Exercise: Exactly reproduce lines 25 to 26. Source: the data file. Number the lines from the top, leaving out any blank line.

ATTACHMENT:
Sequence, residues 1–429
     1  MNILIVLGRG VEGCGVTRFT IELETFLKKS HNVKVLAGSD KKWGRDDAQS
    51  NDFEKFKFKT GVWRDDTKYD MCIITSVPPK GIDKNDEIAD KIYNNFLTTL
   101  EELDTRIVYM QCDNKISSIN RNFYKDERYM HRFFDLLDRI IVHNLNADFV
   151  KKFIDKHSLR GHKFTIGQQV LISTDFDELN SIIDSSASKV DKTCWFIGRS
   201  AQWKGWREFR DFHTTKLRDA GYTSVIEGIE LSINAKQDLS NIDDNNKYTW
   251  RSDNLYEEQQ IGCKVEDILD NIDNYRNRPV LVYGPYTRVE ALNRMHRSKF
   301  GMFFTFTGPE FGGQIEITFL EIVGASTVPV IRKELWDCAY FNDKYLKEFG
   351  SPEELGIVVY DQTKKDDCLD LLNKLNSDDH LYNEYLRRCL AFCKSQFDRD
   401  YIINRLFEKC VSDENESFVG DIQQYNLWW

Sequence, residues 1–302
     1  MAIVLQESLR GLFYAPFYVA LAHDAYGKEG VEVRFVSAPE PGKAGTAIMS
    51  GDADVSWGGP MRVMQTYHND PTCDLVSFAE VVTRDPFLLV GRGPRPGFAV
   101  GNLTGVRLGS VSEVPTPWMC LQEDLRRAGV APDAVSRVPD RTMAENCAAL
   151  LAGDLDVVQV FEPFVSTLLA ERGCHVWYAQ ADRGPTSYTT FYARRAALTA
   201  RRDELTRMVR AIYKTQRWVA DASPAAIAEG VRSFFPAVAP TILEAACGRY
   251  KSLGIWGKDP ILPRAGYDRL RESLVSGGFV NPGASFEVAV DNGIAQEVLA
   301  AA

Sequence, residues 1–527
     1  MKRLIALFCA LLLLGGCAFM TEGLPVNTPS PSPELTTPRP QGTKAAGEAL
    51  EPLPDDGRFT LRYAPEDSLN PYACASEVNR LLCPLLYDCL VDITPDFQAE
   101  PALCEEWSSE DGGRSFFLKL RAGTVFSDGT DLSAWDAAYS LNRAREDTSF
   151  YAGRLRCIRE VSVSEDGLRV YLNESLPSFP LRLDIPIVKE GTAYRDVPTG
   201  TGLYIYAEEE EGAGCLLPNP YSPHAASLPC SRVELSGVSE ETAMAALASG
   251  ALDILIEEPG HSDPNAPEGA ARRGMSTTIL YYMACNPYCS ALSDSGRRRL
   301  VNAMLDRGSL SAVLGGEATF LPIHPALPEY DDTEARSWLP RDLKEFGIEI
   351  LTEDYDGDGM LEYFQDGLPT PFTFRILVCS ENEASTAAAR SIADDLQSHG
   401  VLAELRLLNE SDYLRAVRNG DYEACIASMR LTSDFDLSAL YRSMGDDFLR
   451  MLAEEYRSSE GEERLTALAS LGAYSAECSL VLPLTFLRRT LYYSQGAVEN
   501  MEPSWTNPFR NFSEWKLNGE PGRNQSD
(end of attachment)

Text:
   251  ALDILIEEPG HSDPNAPEGA ARRGMSTTIL YYMACNPYCS ALSDSGRRRL
   301  VNAMLDRGSL SAVLGGEATF LPIHPALPEY DDTEARSWLP RDLKEFGIEI